This is the second article in a two-part series. Read the first article here.
If you enjoyed Part 1 of this article on where the local talent is, Part 2 should not disappoint you.
When I started Cape Fear Jobs I made a promise to myself that I would be as honest and transparent as I possibly could, no matter the consequences. That quality is very important to me in the people I come across every day and just as important in the businesses and clients I team with.
Having said that, let’s get into Part 2: “Where are the jobs?”
If I can point to one of the most controversial topics I work through on a daily basis, it is this question. Why is it steeped in controversy? Simple – because there are groups and individuals that, no matter what, will stand on their platform and tell you the job market here is growing, is great and that there’s nothing to worry about.
Do you agree? Well, if you’re not a part of the job market every day, as I am, you may not know the state of jobs here in the Cape Fear. To put it simply, it’s not all the sunshine and rainbows as you’re being told in the media.
But it’s not all gloom and doom either. Let me explain.
You know the main job sectors: retail, healthcare, hospitality, finance, real estate and tech. All of these are hiring every day and, without question, are the industries that keep this area moving. But not everyone can work in just those industries… or want to, for that matter. We have struggling industries, such as the skilled trades, that can’t find workers at all and have hundreds of job openings throughout the region.
Our industrial and manufacturing is minimal, and the jobs are few and far between but there are companies growing and new ones, like National Gypsum, that have brought jobs to parts of Wilmington and Leland.
The Wilmington Chamber of Commerce recently put out the Second Quarter Economic Growth Update, which centered on the unemployment rate and job growth. If you know me, you know I absolutely despise workforce and job stats because they are inherently skewed and do not show the entire picture.
The recent numbers were that our unemployment rate is down to 3.4 percent and we had a combined tri-county job growth of 7.4 percent. What these numbers do not show is that the unemployment rate does not match the amount of total people looking for jobs and the growth rate does not match the need for jobs.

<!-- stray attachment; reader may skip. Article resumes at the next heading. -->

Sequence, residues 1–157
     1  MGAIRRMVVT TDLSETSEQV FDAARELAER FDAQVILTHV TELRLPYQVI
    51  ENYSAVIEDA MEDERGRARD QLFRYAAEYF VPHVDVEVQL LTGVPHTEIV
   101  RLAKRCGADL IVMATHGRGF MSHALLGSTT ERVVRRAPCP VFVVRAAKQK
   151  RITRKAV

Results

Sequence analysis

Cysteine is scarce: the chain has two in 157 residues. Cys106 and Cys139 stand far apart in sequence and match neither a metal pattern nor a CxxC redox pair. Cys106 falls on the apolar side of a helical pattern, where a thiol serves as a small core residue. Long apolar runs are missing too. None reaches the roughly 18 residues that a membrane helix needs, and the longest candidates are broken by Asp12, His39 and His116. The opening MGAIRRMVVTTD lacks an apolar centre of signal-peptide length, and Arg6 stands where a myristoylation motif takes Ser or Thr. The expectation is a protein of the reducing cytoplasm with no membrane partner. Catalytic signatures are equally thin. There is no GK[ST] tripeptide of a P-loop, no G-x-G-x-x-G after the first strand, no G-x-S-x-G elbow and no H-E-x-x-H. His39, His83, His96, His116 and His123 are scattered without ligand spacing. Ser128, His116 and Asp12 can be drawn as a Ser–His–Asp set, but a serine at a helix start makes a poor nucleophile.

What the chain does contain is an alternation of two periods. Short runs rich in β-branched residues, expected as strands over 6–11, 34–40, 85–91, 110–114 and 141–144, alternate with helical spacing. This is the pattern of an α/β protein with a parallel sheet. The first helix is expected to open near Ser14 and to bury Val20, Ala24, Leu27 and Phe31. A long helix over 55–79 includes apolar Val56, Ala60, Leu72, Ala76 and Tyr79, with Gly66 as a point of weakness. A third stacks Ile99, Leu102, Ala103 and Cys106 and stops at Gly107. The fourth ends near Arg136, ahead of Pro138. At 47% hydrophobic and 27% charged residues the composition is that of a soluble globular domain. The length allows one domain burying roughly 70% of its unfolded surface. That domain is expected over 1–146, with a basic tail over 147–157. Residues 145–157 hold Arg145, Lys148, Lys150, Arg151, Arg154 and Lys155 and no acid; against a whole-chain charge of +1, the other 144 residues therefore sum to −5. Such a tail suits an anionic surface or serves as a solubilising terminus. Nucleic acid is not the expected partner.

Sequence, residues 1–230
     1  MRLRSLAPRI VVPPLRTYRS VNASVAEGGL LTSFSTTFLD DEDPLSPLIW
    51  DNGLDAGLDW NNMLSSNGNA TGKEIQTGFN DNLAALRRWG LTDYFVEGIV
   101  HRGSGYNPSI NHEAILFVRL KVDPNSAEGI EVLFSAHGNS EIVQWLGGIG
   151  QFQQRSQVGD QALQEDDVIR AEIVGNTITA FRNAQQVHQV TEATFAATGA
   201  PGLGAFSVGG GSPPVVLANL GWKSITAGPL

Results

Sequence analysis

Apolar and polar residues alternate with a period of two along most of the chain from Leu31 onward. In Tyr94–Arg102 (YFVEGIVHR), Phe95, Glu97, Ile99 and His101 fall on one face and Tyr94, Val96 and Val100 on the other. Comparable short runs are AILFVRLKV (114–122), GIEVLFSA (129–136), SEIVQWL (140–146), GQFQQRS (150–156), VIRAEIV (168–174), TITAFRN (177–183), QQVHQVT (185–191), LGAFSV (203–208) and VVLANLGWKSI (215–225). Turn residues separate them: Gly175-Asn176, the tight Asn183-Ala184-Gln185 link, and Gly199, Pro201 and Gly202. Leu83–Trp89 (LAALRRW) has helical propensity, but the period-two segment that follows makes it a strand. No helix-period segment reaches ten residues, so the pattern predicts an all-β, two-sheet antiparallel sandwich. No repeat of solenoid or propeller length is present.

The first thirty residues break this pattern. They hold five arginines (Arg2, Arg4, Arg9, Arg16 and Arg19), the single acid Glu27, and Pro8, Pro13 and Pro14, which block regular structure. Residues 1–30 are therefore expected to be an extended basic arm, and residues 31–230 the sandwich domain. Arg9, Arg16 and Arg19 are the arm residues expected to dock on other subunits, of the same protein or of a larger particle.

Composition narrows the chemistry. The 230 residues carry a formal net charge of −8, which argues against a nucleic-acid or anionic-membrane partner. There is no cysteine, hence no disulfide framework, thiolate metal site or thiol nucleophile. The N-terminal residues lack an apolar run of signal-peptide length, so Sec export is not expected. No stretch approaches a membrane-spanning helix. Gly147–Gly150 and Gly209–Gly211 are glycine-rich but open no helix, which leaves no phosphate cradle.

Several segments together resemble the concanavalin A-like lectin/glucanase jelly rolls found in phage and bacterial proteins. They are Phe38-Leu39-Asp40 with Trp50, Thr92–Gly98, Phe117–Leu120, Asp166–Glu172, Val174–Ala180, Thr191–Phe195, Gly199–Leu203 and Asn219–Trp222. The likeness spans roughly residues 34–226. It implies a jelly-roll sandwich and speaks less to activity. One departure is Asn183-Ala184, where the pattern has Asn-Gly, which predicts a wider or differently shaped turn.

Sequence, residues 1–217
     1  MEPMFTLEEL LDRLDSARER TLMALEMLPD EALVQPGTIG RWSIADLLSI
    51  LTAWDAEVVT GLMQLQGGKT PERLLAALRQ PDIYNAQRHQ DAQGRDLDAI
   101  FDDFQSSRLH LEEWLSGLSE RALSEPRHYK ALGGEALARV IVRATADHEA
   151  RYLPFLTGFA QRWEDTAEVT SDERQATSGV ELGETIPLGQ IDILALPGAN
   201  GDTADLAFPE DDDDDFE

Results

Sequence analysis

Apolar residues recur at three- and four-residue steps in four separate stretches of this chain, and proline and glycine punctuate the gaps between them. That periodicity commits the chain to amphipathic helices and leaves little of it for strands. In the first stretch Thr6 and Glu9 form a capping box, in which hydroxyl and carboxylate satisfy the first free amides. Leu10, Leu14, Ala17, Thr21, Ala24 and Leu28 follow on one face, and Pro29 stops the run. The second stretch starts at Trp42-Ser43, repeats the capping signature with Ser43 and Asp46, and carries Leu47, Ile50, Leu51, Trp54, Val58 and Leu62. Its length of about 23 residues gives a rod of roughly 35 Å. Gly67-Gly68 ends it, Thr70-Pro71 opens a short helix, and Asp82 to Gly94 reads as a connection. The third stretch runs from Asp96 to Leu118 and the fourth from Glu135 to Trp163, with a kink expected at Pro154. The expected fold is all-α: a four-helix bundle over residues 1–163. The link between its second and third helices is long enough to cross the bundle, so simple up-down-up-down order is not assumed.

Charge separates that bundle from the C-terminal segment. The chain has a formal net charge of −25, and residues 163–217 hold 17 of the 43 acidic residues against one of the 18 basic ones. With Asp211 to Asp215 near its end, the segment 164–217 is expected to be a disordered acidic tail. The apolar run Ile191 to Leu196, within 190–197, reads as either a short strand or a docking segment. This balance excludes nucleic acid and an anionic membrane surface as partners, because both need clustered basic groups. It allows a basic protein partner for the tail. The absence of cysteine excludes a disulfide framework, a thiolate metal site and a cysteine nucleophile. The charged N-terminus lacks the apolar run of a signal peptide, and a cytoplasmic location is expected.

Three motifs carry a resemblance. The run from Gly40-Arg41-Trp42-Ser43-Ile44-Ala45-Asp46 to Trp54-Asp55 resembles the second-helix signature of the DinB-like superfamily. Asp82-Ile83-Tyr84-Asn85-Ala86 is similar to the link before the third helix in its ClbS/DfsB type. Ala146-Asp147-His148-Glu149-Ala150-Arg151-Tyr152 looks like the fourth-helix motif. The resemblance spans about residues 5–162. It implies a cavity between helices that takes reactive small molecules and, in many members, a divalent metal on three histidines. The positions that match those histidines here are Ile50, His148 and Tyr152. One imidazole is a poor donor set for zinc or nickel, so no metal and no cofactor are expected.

And here’s some food for thought – is the job growth due to the over-development of our area, or at least a large portion of it?
So, what are job seekers to do? Where are the jobs outside of the main sectors? The $40,000-$70,000 jobs that people need to survive? They are out there, but job seekers need to be diligent in their search. If you’re not networking, start building a pipeline of connections. The worst thing to do is apply and wait. Get out there and beat down some doors, be aggressive and get on the radar of people like myself and companies like Cape Fear Jobs.
People are relocating here every day and over half of them will not have a job when they get here (which is just crazy to me), thus increasing the competition for jobs. But until a major company moves into the region, like has happened in Charleston, we will be stuck with what we have and will be forced to survive in the world that has been created for us.
Corey Lewis has more than 20 years of management, business development and project management experience across the retail, construction and staffing verticals. Entering into the recruiting industry in 2007 as an Executive Recruiter, Lewis spent the next seven years honing his recruiting skills and leading a local agency in developing the manufacturing sector of the company. With the support of his wife, Corey started his own boutique firm, Alliance Career Group based in Wilmington, while designing the basis for the company that would come to be known as Cape Fear Jobs. Corey found his passion for helping a struggling jobs economy in the Cape Fear Region and in 2016, Cape Fear Jobs was born. Visit the Cape Fear Jobs website or call (910) 782-2142.
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David Dean - Apr 19, 2019
Johanna Cano - Apr 19, 2019
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